According to Today, these specific tomatoes are more flavorful, less seedy than typical tomatoes, and packed with extra flavor. Special growing conditions related to healthy soil, access to water, and climate, affect the government-mandated designation — known as the DOP or Protected Designation of Origin — and the authenticity of every can of San Marzano tomatoes comes with a serial number and two identifying certifications. Because of the specific rules about what classifies as authentic San Marzano tomatoes — which include canning regulations that nix the use of any preservatives aside from salt or the occasional herb — a can of certified San Marzano can be a little pricey but still worth it. Better still, someone susceptible to acid reflux who typically avoids tomatoes because of their acidity should give San Marzano tomatoes a try. They have a lower acidity profile than standard tomatoes.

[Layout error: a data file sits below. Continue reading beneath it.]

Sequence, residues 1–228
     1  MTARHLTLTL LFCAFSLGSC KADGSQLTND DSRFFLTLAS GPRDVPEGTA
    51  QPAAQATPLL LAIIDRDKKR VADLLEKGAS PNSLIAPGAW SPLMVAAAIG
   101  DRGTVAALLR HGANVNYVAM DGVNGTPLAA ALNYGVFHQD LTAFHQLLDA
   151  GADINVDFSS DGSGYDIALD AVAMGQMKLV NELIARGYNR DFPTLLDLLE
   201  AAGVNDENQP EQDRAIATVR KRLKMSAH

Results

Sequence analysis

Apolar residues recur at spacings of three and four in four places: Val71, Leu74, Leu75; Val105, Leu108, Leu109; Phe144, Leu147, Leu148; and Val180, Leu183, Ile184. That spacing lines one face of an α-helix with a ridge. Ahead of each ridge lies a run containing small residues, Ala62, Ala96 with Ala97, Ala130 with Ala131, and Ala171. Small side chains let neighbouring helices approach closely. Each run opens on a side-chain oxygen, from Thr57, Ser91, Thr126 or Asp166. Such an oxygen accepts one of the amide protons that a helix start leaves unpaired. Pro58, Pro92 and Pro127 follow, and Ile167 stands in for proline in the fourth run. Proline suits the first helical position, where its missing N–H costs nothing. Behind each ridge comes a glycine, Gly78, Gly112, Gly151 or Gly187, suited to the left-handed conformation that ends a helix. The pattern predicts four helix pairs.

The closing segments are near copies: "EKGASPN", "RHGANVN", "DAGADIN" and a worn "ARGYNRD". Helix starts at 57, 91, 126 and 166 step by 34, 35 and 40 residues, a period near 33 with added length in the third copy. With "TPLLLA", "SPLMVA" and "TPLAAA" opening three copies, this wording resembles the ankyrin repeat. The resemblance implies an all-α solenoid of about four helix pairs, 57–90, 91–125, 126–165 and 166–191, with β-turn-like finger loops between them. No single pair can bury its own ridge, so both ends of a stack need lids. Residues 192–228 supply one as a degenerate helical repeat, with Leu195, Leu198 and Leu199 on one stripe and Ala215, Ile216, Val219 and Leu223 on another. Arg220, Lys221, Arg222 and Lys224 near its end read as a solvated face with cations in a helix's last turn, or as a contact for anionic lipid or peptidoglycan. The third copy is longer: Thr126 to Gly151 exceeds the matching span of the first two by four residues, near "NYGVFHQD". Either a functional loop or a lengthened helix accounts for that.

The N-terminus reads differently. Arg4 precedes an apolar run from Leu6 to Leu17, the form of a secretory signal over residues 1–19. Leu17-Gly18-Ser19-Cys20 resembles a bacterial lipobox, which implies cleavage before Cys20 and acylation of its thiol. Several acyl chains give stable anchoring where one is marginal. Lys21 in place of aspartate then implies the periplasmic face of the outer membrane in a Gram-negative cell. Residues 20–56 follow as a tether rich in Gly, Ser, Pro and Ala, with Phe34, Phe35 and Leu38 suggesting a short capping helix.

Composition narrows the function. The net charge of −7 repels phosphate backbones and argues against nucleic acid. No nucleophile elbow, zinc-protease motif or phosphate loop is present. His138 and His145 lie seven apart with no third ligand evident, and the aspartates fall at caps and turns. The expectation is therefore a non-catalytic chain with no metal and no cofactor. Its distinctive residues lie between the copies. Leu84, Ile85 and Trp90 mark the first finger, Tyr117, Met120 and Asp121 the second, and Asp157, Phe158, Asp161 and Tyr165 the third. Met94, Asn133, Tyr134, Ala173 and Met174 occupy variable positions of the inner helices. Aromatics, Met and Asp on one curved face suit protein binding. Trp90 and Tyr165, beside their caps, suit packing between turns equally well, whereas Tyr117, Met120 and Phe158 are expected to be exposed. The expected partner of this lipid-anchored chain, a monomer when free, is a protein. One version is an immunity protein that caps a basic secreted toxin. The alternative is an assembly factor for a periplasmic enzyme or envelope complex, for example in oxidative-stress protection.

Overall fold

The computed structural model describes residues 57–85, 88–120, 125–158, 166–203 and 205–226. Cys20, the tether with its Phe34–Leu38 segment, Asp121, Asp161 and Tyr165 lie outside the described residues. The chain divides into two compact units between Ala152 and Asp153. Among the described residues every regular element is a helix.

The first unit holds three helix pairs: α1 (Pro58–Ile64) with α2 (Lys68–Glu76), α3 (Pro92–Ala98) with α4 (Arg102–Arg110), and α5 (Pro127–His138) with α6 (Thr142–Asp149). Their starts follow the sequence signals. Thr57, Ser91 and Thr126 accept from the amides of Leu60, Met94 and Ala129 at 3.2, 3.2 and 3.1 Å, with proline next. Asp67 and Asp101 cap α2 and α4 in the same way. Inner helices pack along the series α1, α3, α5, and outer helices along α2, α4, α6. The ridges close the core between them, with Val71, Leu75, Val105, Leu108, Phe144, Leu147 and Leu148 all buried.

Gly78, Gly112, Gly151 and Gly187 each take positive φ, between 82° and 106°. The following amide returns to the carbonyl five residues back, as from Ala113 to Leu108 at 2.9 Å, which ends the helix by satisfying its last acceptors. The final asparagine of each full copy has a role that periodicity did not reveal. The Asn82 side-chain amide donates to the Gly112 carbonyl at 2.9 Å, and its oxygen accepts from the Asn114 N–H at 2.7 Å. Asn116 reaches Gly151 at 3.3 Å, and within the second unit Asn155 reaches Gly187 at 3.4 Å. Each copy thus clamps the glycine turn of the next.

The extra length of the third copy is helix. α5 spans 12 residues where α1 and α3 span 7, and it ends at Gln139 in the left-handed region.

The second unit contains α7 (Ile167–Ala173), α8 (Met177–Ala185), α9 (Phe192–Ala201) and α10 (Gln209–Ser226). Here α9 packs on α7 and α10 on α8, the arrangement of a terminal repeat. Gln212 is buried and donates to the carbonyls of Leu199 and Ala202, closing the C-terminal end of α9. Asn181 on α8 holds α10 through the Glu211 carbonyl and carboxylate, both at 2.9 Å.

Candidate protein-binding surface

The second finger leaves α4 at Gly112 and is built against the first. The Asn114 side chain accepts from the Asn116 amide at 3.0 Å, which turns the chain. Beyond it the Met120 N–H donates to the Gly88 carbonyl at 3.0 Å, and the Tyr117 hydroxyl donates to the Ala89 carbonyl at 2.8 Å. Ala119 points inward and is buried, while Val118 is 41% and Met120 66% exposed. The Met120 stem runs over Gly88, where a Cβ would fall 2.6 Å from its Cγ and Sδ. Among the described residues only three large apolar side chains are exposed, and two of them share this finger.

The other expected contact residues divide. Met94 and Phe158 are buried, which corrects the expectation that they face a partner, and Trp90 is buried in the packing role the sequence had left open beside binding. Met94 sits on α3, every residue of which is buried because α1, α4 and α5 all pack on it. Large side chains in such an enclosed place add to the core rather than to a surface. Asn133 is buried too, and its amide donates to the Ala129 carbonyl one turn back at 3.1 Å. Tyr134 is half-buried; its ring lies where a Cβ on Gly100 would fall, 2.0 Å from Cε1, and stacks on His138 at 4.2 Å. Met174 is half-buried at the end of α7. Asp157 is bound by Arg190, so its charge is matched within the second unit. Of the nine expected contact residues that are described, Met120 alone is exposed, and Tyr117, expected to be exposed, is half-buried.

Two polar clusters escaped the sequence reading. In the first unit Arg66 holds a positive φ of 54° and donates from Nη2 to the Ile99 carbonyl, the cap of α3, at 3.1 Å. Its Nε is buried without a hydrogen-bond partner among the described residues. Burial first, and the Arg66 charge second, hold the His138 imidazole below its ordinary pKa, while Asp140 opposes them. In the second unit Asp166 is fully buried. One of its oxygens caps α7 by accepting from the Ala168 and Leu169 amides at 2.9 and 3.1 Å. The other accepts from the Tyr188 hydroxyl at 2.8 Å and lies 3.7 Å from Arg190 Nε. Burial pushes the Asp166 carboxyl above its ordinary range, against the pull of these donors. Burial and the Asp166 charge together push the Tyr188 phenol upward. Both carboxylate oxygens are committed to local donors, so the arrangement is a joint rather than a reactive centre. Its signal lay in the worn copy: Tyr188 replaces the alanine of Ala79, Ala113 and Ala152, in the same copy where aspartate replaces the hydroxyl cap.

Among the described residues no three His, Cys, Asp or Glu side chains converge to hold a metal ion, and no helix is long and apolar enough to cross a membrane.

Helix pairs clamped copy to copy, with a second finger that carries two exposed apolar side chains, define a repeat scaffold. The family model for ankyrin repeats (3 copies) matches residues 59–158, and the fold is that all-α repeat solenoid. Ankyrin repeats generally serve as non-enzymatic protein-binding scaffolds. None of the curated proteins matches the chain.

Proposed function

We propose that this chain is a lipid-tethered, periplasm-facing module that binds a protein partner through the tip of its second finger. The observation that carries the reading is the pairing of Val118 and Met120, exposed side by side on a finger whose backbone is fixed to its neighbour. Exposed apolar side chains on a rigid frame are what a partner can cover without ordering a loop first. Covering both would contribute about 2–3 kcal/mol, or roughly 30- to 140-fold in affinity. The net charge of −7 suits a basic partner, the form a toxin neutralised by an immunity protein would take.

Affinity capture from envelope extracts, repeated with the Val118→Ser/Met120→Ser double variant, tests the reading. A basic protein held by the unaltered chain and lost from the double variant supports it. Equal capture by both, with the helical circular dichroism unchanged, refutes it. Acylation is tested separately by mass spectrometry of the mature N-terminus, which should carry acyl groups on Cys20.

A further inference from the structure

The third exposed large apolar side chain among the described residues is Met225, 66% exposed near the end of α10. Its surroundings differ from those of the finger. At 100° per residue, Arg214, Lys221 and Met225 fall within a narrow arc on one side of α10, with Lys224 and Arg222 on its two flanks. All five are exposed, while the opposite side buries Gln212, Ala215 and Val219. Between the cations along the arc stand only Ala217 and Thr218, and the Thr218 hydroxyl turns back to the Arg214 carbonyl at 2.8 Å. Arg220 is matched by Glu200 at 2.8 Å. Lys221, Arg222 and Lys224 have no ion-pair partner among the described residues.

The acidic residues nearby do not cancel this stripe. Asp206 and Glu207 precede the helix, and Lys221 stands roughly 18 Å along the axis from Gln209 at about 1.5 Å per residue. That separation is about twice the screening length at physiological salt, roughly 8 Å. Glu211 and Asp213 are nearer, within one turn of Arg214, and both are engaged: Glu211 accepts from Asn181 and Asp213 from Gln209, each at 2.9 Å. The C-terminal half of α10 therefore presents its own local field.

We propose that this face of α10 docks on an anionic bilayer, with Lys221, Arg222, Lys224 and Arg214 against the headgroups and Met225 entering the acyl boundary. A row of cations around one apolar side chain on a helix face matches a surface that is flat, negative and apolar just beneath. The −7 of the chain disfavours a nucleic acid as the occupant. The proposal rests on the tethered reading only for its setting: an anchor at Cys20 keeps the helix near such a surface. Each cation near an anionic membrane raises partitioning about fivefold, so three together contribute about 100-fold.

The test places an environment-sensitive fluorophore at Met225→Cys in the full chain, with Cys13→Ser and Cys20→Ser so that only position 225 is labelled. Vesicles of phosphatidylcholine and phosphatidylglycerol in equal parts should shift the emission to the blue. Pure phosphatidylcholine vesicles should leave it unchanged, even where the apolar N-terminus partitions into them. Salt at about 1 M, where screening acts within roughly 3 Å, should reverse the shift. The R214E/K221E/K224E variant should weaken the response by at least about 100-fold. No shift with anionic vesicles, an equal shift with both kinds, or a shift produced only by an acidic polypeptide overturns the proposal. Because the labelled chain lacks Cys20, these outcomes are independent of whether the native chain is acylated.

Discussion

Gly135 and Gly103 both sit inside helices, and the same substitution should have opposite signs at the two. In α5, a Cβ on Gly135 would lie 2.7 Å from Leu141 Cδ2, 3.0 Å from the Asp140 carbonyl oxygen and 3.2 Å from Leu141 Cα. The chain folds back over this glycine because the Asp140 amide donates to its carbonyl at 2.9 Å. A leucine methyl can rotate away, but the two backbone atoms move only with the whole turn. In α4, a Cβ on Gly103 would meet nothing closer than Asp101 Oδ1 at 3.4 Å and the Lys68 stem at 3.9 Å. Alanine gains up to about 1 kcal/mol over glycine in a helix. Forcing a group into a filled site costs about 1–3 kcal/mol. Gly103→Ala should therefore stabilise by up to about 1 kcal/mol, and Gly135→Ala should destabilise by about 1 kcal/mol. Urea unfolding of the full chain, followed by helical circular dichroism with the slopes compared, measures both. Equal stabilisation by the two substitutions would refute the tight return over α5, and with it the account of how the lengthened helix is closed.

Stew them whole till they break down or purée them; either way, starting with the right tomato from the get-go makes a huge difference. Just keep in mind, although they are similar to Roma Tomatoes, the differences between San Marzano and Roma Tomatoes are vast in terms of what they work best for making. If we're talking sauce, San Marzano is the only way to go.

Seasoning with the wrong herbs

Now that we have our tomato base for the spaghetti sauce, it's imperative to know how to season it. One important tip you need when cooking with herbs revolves around fresh versus dried herbs. Living in a world where everything fresh is supposed to be better (and it oftentimes is), it's easy to understand why somebody's first impulse would be to pluck an oregano leaf from the garden for their sauce. However, all the time you spend watering that garden ends up as water in your herbs which impacts the flavor profile. In other words, most of the time, dried herbs edge out fresh ones in terms of the necessary punch for something like a sauce.